Building Bulletproof Brands — how the internet destroyed moats for physical goods brands

In medieval times, a moat was a body of water around the castle that kept away enemies. In business, a moat serves a similar purpose, acting as a competitive advantage that one company has over the rest.

The physical goods business, specifically in the apparel, fashion, footwear, beauty, cosmetics, accessories and furniture space, has changed more in the last two decades that it has in the previous centuries combined. As as result, the formulas for building lasting brands are radically different than they used to be.

This leads to an important set of existential questions for brands and investors operating in the space: What makes certain brands last? Do moats exist for these brands? And how has the internet changed what is defensible and what no longer is?

Building Bulletproof Brands is a three part series that begins to answer some these questions. Part I explores how the internet fundamentally changed the playbook for building durable physical goods brands. Part II presents a new formula for building bulletproof consumer goods brands that’s rooted in the power of networks, and showcases how Supreme, Glossier and Peloton are putting this new approach into action. Part III (to be released on 7/4/17) looks at how brands can used use network-based incentives to grow, how these mechanisms will reshape how brands acquire new customers, and what these changes mean for companies and investors.

This is the deepest and most complex series I’ve ever written. I hope you enjoy it!

— Richie

Building Bulletproof Brands — Part I: Why don’t brands last like they used to?

How does one build a brand that lasts for centuries? Today, in the consumer goods space—specifically in apparel, fashion, footwear, beauty, cosmetics, accessories, and furniture—it's an especially challenging quandary given the ferocious speed at which Amazon and fast fashion giants like Zara and H&M are growing, while other legacy physical goods brands are struggling. The internet…

Building Bulletproof Brands — Part II: Networks are the strongest moats for consumer goods brands

Part I explored how the internet fundamentally changed the playbook for building durable physical goods brands. Before the internet, mastering product, brand, distribution—signified as (product + brand + distribution)—was enough to make a brand defensible, specifically in the apparel, fashion, footwear, beauty, cosmetics, accessories and furniture space. Additionally, a small set of brands,…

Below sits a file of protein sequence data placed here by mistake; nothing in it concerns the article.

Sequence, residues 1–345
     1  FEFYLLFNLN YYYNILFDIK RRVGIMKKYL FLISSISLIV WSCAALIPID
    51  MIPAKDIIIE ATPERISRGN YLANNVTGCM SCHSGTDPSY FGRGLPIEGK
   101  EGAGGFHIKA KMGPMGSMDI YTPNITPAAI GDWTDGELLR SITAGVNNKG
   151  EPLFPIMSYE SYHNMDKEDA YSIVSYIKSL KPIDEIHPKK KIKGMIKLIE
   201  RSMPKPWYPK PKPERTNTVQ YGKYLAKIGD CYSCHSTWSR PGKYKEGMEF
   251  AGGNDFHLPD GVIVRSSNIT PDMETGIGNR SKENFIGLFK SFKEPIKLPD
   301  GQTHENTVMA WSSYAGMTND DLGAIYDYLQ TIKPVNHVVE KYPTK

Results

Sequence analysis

Building Bulletproof Brands — Part III: How networks and tokens could reshape the economics of physical goods brands

Part I of this series looked at the changing landscape of brand longevity and how the traditional formulas that used to make brands defensible are now obsolete. Part II proposed a new formula that harnesses networks as the only defensible moat for physical goods brands. Now, Part III looks at how brands can 1) use branded tokens and network-based incentives to grow; 2) how these…

Word of mouth without a network effect is not a competitive advantage

In Building Bulletproof Brands, a Loose Threads series about how the internet destroyed traditional moats for physical goods brands but also created new ones, I wrote about how the power of word of mouth is not what many think. As new physical goods startups launch and raise money every week, many are keen to mention a company’s “unparalleled growth via word of mouth” or "IRL virality" as…



Long-form series about the inter-workings of the consumer, retail and commerce industries.

As the fundamentals of the new consumer economy continue shifting, some issues are so complex that they require more space and time to explore. Our Longform Series consist of multiple articles that are thematically similar, allowing us to fully present these challenges and opportunities. Since these series take months to create, only a few come out each year and we hope you make some time for them.